Uses of lava rocks with gas barbecues

Updated February 21, 2017

Putting volcanic rock inside your grill can give you a better grilling experience and tastier meals. Lava rocks heat up quickly and disperse this heat to the inside of your gas grill. That means food cooks more evenly, with a flavour closer to that from a charcoal grill. Not all grills are manufactured to use lava rocks, but some can be retrofitted for this purpose. If you love grilling with gas, but miss the flavour of charcoal, lava rocks might be the solution for you.


Lava rocks are pieces of crushed volcanic stone placed under the food on a special grate or plate. They collect juices and fat that drip down from the cooking area. When the juices contact the hot rocks, they produce smoke, which wafts up around the food. The result is a flavour closer to that from charcoal grilling than from conventional gas grilling. Using lava rock lets you enjoy the convenience of gas without loss of flavour.


Over time, fat and drippings can build up in the lava rocks, reducing their effectiveness. Built-up fat can also cause what's called a flare-up: a sudden grease fire on the surface of the stone. Flare-ups can lead to burnt food or even a grill fire. Serious Eats recommends covering the grill to starve the fire of oxygen. If flare-ups are a problem, replace your lava rocks with clean ones, or simply turn them over to expose a new surface.


Not all gas grills come with a grate for lava rocks. To add rocks to your grill, install a rock grate about 3 to 4 inches below the cooking grid, and around 1 inch above the gas burners. If the grill has heat plates, you can rest the grate on the same supports. In grills without heat plates, support the grate using bolts through the side of the grill, screwed-in support brackets or just a brick on either side. If you decide to drill into your gas grill to install a rock grate, make sure you won't be voiding a warranty.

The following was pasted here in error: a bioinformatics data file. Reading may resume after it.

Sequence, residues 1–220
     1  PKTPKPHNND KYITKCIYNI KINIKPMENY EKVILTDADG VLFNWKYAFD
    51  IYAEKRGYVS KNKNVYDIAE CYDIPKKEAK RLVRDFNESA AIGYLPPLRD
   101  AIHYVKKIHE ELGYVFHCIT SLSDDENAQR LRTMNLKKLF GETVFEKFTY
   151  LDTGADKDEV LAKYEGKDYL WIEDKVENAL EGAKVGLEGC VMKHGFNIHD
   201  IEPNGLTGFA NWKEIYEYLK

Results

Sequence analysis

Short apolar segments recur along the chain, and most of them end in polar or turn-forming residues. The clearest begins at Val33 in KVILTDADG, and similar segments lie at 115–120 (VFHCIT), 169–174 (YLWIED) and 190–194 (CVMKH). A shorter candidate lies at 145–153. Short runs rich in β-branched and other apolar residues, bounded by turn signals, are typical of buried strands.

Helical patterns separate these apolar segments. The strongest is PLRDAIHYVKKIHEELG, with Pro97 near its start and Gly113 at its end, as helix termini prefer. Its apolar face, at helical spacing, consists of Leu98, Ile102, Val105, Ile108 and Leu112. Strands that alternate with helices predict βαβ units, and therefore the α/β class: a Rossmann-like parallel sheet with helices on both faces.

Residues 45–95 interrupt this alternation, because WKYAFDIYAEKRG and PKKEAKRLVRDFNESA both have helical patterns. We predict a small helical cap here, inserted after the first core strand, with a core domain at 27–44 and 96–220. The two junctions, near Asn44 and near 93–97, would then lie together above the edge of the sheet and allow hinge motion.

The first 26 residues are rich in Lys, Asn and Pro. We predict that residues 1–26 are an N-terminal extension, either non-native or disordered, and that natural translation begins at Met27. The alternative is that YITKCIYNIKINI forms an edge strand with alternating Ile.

Lava rocks aren't the only way to add radiant heat and a smoky flavour to food. Some grills also use metal heat plates or ceramic briquettes. These require less clearance than lava rocks but are more expensive to install and replace. Ceramic briquettes and ceramic-coated heat plates are easier to clean than lava rocks, however, and may need less frequent replacement.

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About the Author

G.D. Palmer is a freelance writer and illustrator living in Milwaukee, Wis. She has been producing print and Web content for various organizations since 1998 and has been freelancing full-time since 2007. Palmer holds a Bachelor of Arts degree in writing and studio art from Beloit College in Beloit, Wis.